Monsters I've encountered include grues, dragons, snakes, spiders, and nuibuses (no idea). They're not the only danger, though: you lose one hit point for every three movement steps, so you can't dally. The monsters seem to get progressively more difficult as the character increases in levels, so every victory means an increased chance you'll die next time.
Upon your death, the game reveals the entirety of the dungeon, which really isn't that big. The detached areas would seem to suggest there are secret doors or teleporters, but I haven't been able to find any in my explorations. In fact, a couple of times, I've gotten stuck in small areas (like the one at the top center of the screen shot below) with no way to progress.
I don't know if there's a way to win the game. I checked out a few YouTube videos of gameplay (examples here and here; I would have made one, but it would have been redundant), and none of the players "won." They just eventually died. The after-death maps don't seem to show any obvious exits (the "Gs" are gold symbols and everything else is a monster.) I'm going to assume the goal is just to survive as long as you can.
Dungeon is credited to Brian Sawyer, an employee of The Code Works. He appears on four other games published in the same way--via CURSOR tapes--including a skiing simulator, a firefighting simulator, and an action game called Joust. I tried to track him down but his name is very common and I didn't really get anywhere. MobyGames has 100 other games attributed to The Code Works, none of them CRPGs. I don't know if Dungeon left much of a legacy, but at least one site I reviewed sees some similarities between it and Sword of Fargoal (1982).
For me, this exercise was primarily valuable for learning the VICE emulator, which includes applications for the PET, the VIC-20, and the Commodore 64. I want to check out Dungeon of Death next because it's supposed to be a variant of either the PLATO dnd or Daniel Lawrence's DND. I have managed to find a manual, and it actually abbreviates the game "DND" (for--I'm not kidding--"Dungeon of Death"). Alas, I have not been able to find a download of the actual game. It doesn't seem to have any videos on YouTube or screenshots on MobyGames, both of which are signs that it was lost to the ages.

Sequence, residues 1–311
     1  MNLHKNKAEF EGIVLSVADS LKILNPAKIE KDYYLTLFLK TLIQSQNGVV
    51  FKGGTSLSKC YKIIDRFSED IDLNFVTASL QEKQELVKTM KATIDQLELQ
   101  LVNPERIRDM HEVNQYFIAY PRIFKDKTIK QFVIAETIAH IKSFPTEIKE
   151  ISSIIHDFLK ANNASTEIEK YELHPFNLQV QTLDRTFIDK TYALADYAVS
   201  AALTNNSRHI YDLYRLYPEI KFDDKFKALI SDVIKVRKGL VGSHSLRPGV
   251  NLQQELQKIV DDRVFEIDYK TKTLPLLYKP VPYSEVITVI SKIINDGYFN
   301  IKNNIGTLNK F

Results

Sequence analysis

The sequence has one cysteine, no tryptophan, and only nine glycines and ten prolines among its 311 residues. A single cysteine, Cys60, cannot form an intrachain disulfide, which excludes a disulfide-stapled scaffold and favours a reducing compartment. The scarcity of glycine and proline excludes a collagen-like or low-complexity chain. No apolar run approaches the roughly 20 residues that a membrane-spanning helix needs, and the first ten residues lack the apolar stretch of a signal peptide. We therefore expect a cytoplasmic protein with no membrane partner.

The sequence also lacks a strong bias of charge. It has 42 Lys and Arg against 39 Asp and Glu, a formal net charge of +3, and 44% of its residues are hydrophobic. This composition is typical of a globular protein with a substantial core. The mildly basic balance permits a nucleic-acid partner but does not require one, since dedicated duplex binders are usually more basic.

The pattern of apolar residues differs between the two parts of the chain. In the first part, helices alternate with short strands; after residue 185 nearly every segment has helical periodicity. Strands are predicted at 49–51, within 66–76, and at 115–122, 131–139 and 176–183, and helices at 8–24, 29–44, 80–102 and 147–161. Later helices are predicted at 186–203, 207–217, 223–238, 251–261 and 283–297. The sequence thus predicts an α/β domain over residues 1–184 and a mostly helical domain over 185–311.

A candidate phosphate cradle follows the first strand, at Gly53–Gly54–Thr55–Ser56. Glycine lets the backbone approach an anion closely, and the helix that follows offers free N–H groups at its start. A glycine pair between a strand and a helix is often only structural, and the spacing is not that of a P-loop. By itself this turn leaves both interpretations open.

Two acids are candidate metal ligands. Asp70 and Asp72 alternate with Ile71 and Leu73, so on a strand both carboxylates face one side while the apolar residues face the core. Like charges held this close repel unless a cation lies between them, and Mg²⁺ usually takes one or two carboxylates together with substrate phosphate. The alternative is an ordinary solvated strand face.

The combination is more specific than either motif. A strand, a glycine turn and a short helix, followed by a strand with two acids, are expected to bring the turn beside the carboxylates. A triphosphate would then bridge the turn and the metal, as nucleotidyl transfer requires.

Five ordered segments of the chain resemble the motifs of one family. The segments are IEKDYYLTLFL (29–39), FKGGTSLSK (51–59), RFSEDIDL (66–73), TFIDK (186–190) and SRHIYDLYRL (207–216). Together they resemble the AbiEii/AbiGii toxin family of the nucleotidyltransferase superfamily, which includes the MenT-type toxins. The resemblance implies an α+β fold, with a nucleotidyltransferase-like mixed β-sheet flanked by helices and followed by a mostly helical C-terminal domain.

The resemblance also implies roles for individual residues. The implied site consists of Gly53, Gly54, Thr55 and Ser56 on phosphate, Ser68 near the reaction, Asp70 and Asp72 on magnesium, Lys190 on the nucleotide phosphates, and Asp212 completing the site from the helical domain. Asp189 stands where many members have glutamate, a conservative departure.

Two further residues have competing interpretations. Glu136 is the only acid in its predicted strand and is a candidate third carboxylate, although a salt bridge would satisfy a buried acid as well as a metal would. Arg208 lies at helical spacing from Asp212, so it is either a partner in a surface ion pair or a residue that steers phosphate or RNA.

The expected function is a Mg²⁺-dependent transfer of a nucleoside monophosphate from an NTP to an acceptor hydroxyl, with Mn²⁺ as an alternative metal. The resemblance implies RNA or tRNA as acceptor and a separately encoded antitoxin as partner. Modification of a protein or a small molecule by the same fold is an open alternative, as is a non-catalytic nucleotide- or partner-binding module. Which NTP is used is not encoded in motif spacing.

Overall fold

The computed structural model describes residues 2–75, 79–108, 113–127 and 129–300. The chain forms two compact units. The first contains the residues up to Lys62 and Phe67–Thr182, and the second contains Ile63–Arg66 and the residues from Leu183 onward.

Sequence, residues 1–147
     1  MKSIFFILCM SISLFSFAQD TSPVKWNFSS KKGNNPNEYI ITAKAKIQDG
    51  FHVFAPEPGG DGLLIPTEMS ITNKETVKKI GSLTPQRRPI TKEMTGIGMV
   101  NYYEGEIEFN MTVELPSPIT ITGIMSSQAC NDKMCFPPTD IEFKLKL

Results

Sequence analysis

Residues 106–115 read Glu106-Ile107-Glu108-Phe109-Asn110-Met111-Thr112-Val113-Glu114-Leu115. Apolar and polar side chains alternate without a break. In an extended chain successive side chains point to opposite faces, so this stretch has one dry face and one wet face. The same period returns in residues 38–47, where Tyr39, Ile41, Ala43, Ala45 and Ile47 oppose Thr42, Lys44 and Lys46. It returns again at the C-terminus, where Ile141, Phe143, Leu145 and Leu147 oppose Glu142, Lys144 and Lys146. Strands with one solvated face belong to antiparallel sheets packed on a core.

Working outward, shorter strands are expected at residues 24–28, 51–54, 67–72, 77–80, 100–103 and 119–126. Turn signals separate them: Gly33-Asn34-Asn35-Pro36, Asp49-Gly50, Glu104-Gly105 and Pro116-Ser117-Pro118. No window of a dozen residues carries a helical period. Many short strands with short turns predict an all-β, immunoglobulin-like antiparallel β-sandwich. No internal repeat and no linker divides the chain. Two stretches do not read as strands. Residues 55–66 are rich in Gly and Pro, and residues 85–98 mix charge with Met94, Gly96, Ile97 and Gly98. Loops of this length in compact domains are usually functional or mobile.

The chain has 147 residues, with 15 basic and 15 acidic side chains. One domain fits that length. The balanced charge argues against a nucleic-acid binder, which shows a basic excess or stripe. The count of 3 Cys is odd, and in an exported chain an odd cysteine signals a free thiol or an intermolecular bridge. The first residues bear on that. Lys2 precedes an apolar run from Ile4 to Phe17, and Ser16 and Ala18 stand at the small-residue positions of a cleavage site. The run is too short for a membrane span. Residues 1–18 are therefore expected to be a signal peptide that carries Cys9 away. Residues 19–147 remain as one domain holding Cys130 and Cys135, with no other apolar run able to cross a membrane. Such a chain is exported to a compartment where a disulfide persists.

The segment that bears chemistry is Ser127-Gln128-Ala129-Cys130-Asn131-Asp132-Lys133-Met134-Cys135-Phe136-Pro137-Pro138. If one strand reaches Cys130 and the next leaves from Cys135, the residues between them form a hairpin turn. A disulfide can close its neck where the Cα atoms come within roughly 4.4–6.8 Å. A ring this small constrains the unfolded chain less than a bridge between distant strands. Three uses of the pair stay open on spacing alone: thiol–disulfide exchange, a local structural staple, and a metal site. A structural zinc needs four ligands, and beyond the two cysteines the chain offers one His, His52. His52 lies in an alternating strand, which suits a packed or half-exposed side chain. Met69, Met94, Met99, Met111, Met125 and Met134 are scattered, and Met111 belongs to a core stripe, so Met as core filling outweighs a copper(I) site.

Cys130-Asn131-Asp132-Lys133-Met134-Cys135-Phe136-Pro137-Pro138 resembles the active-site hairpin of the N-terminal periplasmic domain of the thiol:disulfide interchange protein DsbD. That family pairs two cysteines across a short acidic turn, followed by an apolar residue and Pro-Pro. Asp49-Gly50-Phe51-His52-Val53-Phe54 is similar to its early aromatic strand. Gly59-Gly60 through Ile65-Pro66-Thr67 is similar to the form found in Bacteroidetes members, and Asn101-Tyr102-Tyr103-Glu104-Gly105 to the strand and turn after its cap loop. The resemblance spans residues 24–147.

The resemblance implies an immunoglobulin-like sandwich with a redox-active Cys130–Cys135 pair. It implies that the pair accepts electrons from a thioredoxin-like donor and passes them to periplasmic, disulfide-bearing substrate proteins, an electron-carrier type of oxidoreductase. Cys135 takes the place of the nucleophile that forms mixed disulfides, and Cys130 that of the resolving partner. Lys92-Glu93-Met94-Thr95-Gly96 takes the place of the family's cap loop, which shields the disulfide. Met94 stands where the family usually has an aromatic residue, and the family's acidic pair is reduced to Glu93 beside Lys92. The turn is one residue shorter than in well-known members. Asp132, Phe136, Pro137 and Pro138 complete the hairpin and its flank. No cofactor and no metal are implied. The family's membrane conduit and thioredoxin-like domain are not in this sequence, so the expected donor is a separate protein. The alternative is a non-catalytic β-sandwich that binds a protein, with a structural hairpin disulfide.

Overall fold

What interests me about the three pre-Rogue quasi-roguelikes I've tried recently (Beneath Apple Manor, Dungeon Campaign, and Dungeon) is that they're significantly less sophisticated than the PLATO games developed several years prior. As I noted in my reviews of The Dungeon/pedit5 and The Game of Dungeons/dnd, both from 1975, these are reasonably advanced games, with multiple attributes, character levels, inventories, and complex random encounters. Oubliette from 1977 had multiple characters. The first commercial games from 1978 and 1979 pale in comparison to what a bunch of kids were able to accomplish under the radar, in between classes, for their friends. This says a lot about both the technology of the times and what motivates people to develop truly excellent programs.